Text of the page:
Outdoor Updates: Drilling ban restored + Hellbender sightings

A federal judge restores Obama-era drilling ban

On Friday, a federal judge in Alaska threw out President Trump’s order to revoke an Obama-era ban on oil and gas drilling in the Arctic and Atlantic Oceans, calling the order illegal. The judge’s ruling protects 128 million acres of federal waters from drilling, including 98 percent of the Arctic Ocean and undersea canyons in the Atlantic that stretch from the Chesapeake Bay to New England. The decision could impact a five-year leasing plan the administration was planning on issuing this summer and block six offshore lease sales it hoped to schedule in the Artic as early as this year. In recent months the Trump administration has suffered close to two-dozen setbacks, primarily on procedural grounds, as they seek to roll back Obama-era conservation policies. The administration is appealing many of the decisions.

NC Wildlife Resources Commission seeks the public’s help with Hellbender sightings

Biologists with the N.C. Wildlife Resources Commission are asking the public to report any Hellbender sightings so they can continue their long-term inventory of the aquatic salamander. Hellbenders are large, harmless salamanders found in the mountain streams of Western North Carolina. They are sensitive to poor water quality and considered to be a species that can warn scientists about degrading environmental conditions, called a “bioindicator.” Hellbenders were once common throughout Western North Carolina but have disappeared throughout much of the region due to declining water quality and habitat degradation. Hellbenders are listed as a species of special concern in North Carolina. Anyone who spots a Hellbender is asked to leave it alone but to note the location of the sighting and email the information to lori.williams@ncwildlife.org, attaching a photo of the Hellbender if possible.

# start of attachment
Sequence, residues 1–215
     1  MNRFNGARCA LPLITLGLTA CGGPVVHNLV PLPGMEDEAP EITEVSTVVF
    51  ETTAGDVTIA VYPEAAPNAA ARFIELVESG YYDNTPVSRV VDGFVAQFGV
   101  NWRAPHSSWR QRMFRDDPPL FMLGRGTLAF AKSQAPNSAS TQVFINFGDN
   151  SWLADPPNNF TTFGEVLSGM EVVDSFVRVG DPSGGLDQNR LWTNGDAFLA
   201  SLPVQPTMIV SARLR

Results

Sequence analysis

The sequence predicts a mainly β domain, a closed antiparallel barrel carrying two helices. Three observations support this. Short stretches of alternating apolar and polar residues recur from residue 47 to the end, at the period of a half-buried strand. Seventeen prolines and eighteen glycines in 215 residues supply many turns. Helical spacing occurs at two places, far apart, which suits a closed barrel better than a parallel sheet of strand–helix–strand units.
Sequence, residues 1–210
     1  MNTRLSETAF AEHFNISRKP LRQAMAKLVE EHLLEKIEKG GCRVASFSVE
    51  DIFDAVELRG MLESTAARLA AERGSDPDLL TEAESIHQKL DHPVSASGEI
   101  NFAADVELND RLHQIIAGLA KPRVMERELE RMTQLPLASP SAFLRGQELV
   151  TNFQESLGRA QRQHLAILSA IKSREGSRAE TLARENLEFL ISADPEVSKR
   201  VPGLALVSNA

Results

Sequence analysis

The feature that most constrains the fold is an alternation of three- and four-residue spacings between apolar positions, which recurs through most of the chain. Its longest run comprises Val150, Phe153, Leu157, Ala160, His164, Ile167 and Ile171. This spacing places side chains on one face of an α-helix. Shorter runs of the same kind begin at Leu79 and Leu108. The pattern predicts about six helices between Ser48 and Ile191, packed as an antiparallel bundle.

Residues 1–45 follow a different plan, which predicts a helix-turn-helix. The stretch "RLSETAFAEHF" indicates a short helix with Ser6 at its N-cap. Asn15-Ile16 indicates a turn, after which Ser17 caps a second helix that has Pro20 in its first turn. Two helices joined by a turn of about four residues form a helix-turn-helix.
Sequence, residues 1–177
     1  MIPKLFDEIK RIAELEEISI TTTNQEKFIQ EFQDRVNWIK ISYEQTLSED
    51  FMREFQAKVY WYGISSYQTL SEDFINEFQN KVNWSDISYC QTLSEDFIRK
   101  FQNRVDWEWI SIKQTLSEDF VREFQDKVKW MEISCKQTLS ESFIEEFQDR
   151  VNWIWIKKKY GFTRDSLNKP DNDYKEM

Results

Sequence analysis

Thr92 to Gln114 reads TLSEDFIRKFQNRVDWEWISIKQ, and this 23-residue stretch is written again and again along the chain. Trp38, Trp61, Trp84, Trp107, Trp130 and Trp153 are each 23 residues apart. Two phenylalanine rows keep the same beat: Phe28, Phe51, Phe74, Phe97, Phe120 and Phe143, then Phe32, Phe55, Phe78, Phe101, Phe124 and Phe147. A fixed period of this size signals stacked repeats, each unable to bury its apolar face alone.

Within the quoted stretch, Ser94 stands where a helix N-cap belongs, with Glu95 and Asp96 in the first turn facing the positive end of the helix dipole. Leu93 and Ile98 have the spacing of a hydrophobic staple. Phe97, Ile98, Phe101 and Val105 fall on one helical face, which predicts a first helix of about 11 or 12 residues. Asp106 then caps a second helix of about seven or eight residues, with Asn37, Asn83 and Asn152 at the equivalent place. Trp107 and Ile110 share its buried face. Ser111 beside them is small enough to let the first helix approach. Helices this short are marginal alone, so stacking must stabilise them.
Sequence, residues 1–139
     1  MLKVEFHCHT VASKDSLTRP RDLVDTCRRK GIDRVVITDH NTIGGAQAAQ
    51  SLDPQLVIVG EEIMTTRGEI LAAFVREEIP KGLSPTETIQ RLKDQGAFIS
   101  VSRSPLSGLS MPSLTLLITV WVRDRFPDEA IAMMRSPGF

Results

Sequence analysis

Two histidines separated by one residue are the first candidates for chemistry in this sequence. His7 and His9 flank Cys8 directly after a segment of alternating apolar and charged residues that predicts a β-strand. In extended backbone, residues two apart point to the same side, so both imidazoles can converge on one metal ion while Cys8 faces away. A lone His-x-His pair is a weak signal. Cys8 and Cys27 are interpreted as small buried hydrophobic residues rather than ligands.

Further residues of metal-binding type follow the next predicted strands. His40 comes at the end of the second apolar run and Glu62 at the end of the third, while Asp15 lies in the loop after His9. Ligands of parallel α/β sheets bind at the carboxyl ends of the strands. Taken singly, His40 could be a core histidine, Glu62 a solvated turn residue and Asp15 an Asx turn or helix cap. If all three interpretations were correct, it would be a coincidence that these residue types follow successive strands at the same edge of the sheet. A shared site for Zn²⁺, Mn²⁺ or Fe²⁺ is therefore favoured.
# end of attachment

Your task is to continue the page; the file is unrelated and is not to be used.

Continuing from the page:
New research shows regular exercise in your 40s can cut your risk of dementia

A new study in the journal of Neurology shows that regular exercise in midlife can drastically cut your risk of developing dementia in old age. Researchers studied a group of 800 Swedish women for 44 years, beginning when they were, on average, 47 years old. The women reported their mental activities, like singing, writing, reading and gardening and their time exercising. The women were then divided into groups based on the amount of physical activity they undertook each week. Over the course of the study, 194 women developed some form of dementia. Researchers found that those with a high level of mental activities were 34 percent less likely to develop the disease and those with a high level of physical activity were 52 percent less likely to develop it. The researchers also determined that a high level of mental activity correlated with a reduced risk of Alzheimer’s while a high level of physical activity was associated with a lower risk of vascular dementia.

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